The Central Bureau of InvestigationChandan Khanna/AFP/Getty Images

The Narendra Modi government's decision giving 10 agencies sweeping powers for digital 'snooping' has stirred up a hornet's nest.

While most experts agree the government is within its powers to conduct surveillance of computer networks and related devices including mobile phones and smartphones when national security is under threat, many dispute the scope of such operations under the new rules.

Moreover, the technologies available could give surveillance a whole new dimension, elevating it to a mass scale, some experts say.

The issue rocked Parliament on Friday with the opposition Congress party accusing the government of authoritarian tendencies.

Government supporters say the powers the order confers are only a logical extension of the authority conferred on the government by the age-old Indian Telegraph Act, 1885, and the Information Technology (Procedure and Safeguards for Interception, Monitoring, and Decryption of Information) Rules, 2009, framed under the Information Technology Act, 2000.

The government feels the necessity that a joint secretary-level official must authorise any surveillance is enough to safeguard the right to privacy of the citizens, which the Supreme Court recently ruled fundamental to the Constitution.

The Home Ministry claims there would be adequate safeguards as provided by the IT Act. Each case of computer interception, monitoring and decryption have to be approved by the competent authority, which is the Union home secretary, it says. It denies having delegated the powers to any law enforcement or security agency.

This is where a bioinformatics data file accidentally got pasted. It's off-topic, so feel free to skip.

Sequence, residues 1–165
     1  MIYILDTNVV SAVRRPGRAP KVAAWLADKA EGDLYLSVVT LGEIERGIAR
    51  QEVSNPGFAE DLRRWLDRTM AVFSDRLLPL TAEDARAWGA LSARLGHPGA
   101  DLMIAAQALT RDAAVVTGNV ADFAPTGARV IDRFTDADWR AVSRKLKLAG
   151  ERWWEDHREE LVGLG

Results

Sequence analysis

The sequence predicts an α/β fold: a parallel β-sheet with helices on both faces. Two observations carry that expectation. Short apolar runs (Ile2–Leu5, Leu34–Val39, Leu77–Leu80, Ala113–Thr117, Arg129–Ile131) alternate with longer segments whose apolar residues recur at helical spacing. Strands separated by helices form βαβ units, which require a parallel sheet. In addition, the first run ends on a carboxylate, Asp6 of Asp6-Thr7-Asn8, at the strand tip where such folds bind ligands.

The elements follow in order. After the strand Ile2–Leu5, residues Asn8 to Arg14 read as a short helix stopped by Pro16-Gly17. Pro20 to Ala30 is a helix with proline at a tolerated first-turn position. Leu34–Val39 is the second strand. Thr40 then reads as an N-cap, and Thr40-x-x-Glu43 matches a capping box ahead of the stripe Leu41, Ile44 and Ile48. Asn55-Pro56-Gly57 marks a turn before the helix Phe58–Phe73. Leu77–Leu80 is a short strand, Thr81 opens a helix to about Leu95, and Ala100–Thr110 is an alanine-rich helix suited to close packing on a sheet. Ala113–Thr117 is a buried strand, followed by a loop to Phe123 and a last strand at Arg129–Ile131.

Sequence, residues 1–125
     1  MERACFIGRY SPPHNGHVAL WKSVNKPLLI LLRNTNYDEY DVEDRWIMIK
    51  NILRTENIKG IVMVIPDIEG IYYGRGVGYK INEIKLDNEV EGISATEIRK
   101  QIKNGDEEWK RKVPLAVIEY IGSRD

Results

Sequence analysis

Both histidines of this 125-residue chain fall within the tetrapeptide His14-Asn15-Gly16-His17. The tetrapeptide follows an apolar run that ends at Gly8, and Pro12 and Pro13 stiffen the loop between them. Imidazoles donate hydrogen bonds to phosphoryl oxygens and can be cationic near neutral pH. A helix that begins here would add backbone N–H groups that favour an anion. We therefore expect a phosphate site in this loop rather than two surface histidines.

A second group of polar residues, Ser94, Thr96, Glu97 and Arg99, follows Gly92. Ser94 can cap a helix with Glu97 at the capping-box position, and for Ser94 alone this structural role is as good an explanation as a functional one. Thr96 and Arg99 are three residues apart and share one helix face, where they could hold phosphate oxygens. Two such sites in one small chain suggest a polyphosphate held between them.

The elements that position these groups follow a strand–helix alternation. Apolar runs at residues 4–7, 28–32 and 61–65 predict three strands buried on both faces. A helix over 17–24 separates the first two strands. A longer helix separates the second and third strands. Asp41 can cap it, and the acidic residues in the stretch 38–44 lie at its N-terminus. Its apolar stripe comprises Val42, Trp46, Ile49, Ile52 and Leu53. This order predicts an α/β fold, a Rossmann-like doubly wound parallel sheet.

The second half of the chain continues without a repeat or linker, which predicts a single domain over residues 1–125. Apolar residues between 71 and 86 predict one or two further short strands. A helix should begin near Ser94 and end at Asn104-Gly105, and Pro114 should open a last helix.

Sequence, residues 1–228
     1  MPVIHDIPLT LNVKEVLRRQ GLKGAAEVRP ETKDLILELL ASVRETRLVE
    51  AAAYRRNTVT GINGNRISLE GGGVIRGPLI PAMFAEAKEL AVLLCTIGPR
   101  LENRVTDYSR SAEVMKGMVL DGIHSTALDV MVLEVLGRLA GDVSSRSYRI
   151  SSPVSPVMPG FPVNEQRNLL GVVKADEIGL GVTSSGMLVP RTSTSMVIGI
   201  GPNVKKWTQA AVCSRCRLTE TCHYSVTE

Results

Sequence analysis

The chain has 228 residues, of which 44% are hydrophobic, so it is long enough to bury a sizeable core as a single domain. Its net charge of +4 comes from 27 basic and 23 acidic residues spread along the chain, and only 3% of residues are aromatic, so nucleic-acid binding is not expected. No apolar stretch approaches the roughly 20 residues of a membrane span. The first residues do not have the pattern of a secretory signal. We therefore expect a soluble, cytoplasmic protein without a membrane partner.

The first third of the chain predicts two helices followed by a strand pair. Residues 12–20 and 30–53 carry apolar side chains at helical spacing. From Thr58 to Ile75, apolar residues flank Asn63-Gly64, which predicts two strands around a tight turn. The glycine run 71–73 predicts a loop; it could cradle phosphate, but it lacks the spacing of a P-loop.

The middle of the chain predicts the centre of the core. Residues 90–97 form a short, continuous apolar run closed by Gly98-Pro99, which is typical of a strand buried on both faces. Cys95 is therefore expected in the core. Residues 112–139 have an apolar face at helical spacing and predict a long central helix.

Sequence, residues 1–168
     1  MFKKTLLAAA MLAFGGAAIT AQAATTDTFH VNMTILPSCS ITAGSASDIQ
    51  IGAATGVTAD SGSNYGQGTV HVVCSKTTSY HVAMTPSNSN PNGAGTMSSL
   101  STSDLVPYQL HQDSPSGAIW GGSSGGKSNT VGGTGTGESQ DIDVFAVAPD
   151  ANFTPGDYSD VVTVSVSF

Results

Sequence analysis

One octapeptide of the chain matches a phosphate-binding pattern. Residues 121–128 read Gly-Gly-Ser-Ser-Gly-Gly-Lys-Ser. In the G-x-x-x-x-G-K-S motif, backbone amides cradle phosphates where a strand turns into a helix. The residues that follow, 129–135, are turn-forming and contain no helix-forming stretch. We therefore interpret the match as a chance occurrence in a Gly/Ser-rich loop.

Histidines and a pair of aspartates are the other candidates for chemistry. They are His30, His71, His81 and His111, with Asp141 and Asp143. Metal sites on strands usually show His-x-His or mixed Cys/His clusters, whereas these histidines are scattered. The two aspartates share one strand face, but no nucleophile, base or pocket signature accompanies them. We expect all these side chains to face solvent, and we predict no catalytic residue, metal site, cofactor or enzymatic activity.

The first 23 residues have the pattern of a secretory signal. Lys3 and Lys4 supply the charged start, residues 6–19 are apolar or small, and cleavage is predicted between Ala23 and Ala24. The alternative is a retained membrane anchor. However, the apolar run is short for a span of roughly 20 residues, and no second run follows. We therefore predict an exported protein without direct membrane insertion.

However, Opposition leader Rahul Gandhi launched a blistering attack on the Modi government alleging that the order would convert India into a 'police state'. Congress party leader Anand Sharma said the country would become a 'surveillance state'.

Cyberlaw expert Pavan Duggal has no doubt that the government has the right to issue such notification after the 2015 Supreme Court ruling upholding the validity of section 69 of the Information Technology Act.

However, he is not sure whether the order would hold up against the top court's judgment later declaring the right to privacy a fundamental right. "To utilize such sweeping powers in the right manner will also be a challenge," the Economic Times quotes Duggal, who is also president of Cyberlaws.net

There is a worry that the order does away with some of the safety nets that a citizen's right to privacy enjoyed hitherto. The fear, in general, is that the new dispensation could bring in mass surveillance and selective targeting for purposes unrelated to national security because a number of agencies are no empowered to act.

The order empowers the Intelligence Bureau (IB), Narcotics Control Bureau, Enforcement Directorate (ED), Central Board of Direct Taxes (CBDT), Directorate of Revenue Intelligence (DRI), Central Bureau of Investigation (CBI). National Investigation Agency (NIA), Cabinet Secretariat (RAW) and the Commissioner of Police, Delhi. The Directorate of Signal Intelligence is authorized to do surveillance in Jammu and Kashmir, North-East and Assam.

The widespread opposition to the order shows that it could get caught in a tortuous legal battle, particularly in the context of the top court's new judgment on the right to privacy.